"Letter sequences, Avida genomes and biopolymers all display degrees of functions that are not attainable with individual agents (a single letter, machine instruction, or RNA nucleotide, respectively). In all three cases, highly functional configurations comprise only a small fraction of all possible sequences."
Of course, Dembski's definition of specificity does take specificity beyond merely function, however, in his discussion specificity most definitely includes function and the measurement seems to be in agreement with this recent PNAS article. According to Dembski's definition, specificity includes algorithmic compressibility, semantic meaning, and function. However, the other article uses specificity in a more strict functional sense which includes meaning and other "usable" function, and unlike Dembski has done, this PNAS article doesn't seem to even really attempt to provide a rigorous definition of a specified pattern. Dr. Dembski has defined a specified pattern as an event which can be formulated as a conditionally independent pattern. Of course, as I've already explained and shown, this includes algorithmically compressible patterns, as well as semantically meaningful events and functional events.
Compare the above PNAS article with Dembski's treatment of specificity and check it out for yourself.
Wednesday, February 20, 2008
How does this fit into me still being an ID advocate? Well, it is obvious, IMO, that we can scientifically determine the effects of intelligence. IOW, a mere random set of laws and variables (absent intelligence) acted upon by chance will not produce information processing systems or CSI. Thus an intelligence is necessary to cause the production of life within an overarching program.
1. Intelligence is another causal factor aside from chance and law because intelligence can control law and chance to produce a future target, however law and chance are blind.
2. Intelligence has been observed creating specifications.
3. To date there is no known specification, in which we know the cause, which has been generated absent intelligence.
4. According to recent information theroems and experiments with information processing sysems and EAs, intelligence is necessary for consistently better than chance results (equating consistently better than chance results with perpetual motion machines). The better than chance results of evolution are balanced with knowledge of the problem/target incorporated into the behavior of the algorithm, thus guiding it to the solution.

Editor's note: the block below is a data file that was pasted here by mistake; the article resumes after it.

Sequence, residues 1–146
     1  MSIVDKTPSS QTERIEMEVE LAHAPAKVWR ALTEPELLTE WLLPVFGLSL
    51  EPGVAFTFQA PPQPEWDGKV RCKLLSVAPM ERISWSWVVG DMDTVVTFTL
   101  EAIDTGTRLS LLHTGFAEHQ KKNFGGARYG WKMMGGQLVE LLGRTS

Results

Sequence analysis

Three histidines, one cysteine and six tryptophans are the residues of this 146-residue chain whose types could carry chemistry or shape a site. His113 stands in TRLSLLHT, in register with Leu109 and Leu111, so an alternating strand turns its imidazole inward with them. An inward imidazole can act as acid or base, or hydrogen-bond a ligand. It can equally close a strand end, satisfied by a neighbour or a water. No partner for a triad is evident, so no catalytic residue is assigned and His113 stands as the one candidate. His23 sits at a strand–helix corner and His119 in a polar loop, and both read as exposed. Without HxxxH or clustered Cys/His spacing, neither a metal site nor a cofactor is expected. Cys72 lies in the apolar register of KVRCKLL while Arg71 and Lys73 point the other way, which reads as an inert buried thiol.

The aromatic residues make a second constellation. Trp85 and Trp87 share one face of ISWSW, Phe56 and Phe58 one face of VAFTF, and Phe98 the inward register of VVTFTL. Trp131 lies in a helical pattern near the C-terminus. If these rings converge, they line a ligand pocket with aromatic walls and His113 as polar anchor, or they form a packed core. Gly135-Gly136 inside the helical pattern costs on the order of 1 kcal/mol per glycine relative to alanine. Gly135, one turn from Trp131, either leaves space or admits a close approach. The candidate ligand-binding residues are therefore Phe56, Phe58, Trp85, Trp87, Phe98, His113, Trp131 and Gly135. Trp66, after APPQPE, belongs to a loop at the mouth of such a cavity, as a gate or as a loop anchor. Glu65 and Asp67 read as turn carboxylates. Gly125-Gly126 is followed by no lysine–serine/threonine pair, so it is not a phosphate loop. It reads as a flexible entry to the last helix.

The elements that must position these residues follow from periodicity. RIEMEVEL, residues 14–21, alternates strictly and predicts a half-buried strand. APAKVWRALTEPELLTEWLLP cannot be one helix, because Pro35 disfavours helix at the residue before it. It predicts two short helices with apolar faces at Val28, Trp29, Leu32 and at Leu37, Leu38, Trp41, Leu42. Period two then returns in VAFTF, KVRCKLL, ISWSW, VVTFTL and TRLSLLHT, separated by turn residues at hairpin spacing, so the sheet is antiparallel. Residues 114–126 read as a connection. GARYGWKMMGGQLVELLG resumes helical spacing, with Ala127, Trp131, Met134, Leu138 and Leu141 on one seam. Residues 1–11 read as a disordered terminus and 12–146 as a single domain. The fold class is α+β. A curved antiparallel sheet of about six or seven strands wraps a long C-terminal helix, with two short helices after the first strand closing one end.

Since CSI measures what chance and law (absent intelligence) will not produce, then it errs on the side of caution. ie: if an intelligent agent writes down a random string of 1s and 0s (ignoring the fact that it is written on a piece of lined 8" X 11" piece of paper, which itself may measure as a specification) then there will be no CSI measured. This only tells us that the information content represented by the string itself carries no signs of intelligence.
Therefore, a specification may not catch every single case of intelligent action, however everything that it *does* catch is *necessarily* a result of intelligence. So far, no one has shown any different.
Tuesday, February 12, 2008
I kindly request that you first read through my Case for a Naturalistic Hypothesis of Intelligent Design (at the top of the left sidebar) before posting any comments, constructive or negative. It's just that I don't have all the time in the world to be responding to comments which I may have already answered. If I have to re-quote myself in order to respond to a comment, this merely provides evidence that you have not actually fully read through my case and done due diligent research. Of course, I do understand that a person can honestly miss something I said or misunderstand a certain aspect. Obviously I will keep this in mind. Thank you in advance for your cooperation.
Furthermore, I am responding to misunderstandings of ID directly below my Case for ID in the left sidebar. If you attempt to equate ID with ignorance, continually misrepresent ID, or use any other unscientific rhetorical ploy such as "you must known design method before you can reliably detect design," you may discover that your comment has been added to my compilation of blog posts, at the aforementioned location, responding to obfuscations of Intelligent Design Theory.
Monday, February 11, 2008